Home > Kathmandu, Monsoon, Nepal > Wherefore art thou, monsoon?

Wherefore art thou, monsoon?

So I’m *this* close to giving up on the monsoon. It is SUCH a tease! The clouds roll in, and I rejoice, and then it drizzles, and I’m positively delirious… and then they roll away again.

For instance, there was this massive thunderhead which covered almost all of Kathmandu yesterday and blocked out all sunlight.

Click for larger image.

The thunderhead from the window right beside my workstation at 3:15 p.m. yesterday. You can generally see the front hills at the centre of this picture (right above the line of buildings). Yesterday's thunderhead, however, was low enough to obscure most of them.

By 3:00 p.m., the skies had turned the colour of liquid mercury, and we had to switch on the lights inside the office. The thunderhead hovered above us, full of promises of a majestic, biblical thunderstorm — the kind that I’ve dreamed about all my life. Every time it rained in Abudhabi (that’s where I was brought up, and there was precious little rain), my parents — who were brought up in Calcutta (dad) and Dhaka (mom) — dismissed it with a ‘pffft’ and told me stories about these CURTAINS of rain in Bengal, courtesy eastern monsoons.

So you can imagine my excitement when I was told that Nepal also gets easterly monsoons (as opposed to westerly ones in Pakistan, which, in Karachi, are precious little too, but that’s another story). I dreamt of claps of thunder and dramatic lightening and solid, zero-visibility walls of rain…

Back to the present (and reality), though, the monsoons here have been delayed. They were supposed to have arrived (hahah that word again!) on June 10. There was quite a bit of rain on June 14, a day before I got here, I’m told. The smog was cleansed, and The Mountains (the snow-capped peaks behind the set that is generally visible) could be seen clearly against the sky (they’re generally lost to Kathmandu’s smog). There was some rain, on and off, since, but nothing to write home about.

This is why I got excited when I saw the massive thunderhead yesterday. The air got very still, and we expected a cloudburst any moment. What we got, however, was more like a cloud*pop*. A slight drizzle, and then the imposing black mass drifted off somewhere, leaving me super-disappointed again. No, god, this is not funny anymore.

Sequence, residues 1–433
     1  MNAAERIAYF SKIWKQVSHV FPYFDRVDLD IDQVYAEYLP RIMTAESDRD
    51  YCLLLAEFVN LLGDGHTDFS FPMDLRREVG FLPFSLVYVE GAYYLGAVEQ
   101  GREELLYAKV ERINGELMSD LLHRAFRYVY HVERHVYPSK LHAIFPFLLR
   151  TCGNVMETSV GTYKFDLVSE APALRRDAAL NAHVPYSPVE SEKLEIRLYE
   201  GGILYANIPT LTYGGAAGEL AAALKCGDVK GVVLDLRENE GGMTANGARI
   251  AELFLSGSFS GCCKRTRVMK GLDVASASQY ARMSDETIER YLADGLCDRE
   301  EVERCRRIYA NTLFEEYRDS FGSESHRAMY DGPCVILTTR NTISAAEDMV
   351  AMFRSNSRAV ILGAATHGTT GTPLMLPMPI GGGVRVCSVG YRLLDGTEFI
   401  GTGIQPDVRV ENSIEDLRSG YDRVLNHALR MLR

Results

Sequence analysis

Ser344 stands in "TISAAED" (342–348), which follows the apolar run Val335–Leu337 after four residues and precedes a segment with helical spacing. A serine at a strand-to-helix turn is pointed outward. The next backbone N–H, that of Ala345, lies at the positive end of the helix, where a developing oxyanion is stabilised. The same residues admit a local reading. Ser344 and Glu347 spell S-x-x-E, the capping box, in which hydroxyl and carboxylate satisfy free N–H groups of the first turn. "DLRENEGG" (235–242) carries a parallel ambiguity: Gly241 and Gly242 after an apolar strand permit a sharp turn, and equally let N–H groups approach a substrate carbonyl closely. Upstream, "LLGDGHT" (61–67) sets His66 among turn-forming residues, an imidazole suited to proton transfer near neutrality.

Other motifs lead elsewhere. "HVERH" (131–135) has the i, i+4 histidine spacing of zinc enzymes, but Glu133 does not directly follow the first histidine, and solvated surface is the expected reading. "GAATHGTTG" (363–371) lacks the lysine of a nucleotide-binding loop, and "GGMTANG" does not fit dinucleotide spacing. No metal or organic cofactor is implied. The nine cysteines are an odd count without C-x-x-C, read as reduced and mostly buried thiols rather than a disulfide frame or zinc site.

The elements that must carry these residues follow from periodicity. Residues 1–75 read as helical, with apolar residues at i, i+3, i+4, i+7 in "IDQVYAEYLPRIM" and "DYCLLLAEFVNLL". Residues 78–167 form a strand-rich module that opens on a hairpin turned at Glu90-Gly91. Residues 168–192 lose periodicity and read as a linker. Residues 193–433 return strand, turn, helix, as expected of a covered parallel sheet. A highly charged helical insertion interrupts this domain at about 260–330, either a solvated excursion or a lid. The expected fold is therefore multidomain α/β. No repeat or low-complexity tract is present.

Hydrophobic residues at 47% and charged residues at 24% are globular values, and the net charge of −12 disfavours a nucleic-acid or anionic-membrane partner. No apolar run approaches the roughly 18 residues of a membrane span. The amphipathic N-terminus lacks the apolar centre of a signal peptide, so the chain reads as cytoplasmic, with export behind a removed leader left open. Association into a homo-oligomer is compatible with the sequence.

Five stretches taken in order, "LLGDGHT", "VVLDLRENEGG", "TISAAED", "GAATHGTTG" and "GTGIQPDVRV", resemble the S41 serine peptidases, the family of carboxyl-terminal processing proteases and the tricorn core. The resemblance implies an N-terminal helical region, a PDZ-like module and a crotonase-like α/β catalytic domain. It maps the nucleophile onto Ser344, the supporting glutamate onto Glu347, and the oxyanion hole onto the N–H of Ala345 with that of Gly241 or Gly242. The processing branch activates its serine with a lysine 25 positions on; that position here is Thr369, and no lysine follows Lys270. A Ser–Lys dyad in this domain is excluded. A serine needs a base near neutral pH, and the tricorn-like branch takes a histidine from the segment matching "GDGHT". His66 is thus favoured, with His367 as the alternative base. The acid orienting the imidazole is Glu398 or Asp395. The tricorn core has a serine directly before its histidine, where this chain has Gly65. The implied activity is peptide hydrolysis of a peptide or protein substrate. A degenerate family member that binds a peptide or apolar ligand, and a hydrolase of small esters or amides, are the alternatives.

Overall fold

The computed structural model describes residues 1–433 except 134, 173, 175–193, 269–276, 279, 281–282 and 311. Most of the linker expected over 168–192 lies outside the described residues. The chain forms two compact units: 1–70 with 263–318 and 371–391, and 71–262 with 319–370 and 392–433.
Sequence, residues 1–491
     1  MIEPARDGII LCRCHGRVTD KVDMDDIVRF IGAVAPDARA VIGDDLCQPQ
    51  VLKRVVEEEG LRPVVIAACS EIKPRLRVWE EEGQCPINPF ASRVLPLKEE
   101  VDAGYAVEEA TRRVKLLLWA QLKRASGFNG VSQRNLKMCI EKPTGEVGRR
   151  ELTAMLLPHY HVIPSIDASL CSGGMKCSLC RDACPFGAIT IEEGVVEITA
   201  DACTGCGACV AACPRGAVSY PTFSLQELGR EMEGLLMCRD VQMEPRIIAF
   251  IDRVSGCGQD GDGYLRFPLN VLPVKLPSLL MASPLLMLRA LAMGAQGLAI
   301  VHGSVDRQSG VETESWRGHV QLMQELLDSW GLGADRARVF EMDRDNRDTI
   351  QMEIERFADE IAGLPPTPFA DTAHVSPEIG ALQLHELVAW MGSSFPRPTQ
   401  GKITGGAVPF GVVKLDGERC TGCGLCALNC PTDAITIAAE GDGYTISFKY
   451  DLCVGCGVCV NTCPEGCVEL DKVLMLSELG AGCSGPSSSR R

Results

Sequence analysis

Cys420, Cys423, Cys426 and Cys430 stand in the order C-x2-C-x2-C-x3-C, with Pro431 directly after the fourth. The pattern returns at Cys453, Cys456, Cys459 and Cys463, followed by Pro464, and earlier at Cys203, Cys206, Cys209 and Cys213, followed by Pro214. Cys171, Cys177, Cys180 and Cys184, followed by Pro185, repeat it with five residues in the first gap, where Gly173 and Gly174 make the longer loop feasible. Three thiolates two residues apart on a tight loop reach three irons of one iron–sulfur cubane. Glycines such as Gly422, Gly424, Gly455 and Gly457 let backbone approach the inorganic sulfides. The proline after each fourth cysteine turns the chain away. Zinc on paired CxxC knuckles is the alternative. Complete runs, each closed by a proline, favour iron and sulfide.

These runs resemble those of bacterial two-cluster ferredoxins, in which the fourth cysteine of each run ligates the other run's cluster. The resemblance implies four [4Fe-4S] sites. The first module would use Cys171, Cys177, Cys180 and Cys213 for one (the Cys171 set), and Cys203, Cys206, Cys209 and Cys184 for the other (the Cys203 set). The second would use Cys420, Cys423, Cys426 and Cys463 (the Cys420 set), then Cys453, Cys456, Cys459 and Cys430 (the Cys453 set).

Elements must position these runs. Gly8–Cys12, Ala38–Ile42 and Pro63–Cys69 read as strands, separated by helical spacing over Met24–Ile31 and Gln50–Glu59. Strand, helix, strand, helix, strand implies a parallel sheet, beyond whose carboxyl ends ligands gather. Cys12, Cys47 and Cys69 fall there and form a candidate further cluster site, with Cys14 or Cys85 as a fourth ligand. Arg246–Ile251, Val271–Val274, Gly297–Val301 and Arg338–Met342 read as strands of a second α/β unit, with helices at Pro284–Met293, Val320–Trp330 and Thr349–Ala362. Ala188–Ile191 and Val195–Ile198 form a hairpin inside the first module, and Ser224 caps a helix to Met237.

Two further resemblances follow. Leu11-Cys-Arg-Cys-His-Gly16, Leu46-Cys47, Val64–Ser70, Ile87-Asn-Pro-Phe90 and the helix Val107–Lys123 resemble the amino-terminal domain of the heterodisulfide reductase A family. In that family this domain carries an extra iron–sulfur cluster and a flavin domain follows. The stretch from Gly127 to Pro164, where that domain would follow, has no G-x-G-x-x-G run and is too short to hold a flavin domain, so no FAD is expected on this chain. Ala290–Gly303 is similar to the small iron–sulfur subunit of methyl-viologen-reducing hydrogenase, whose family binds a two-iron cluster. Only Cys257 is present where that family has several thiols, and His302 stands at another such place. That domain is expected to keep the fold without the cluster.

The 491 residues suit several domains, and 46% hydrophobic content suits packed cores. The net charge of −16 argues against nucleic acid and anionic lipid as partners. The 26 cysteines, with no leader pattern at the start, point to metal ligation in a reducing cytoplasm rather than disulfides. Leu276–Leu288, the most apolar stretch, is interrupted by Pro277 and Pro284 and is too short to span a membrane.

An hour or so ago, we did get more-rain-than-usual. For around 10 minutes, I saw what seemed like a watered-down preview of the easterly monsoon. Walls of water came rushing down, spattering the tin roof of the office, forcing me to go running out on to the terrace and dance with joy. Its gone now though, and the sun’s out again. I worry about the farmers whose livelihoods (and lives) are dependent on these rains, and I wonder if the easterly monsoons are a myth. *sigh*

Outside my window at work. June 24, 2010; 12:18 p.m.

Outside my window at work right now (12:18 p.m.; June 24, 2010). See the hills, children? 'The Mountains' are said to be visible behind them when its clear.

  1. June 24, 2010 at 12:12

    Well you at least have a pleasant view from the office. Sorry to hear that Kat has developed a smog problem. Is it seasonal or year-round?

    • Bolshevik
      June 24, 2010 at 12:40

      I’m not sure. I’m not very sure its because of pollution either, although everyone says it is. From what I see, while smog does hang over the city, the snow-capped mountains are hidden by clouds, not smog. I get conflicting reports re the permanent/seasonal bit too.

      The view from my office is VERY pretty — 180 degrees of awesomeness! Ditto for the view from the guesthouse AND my apartment-to-be. :-D

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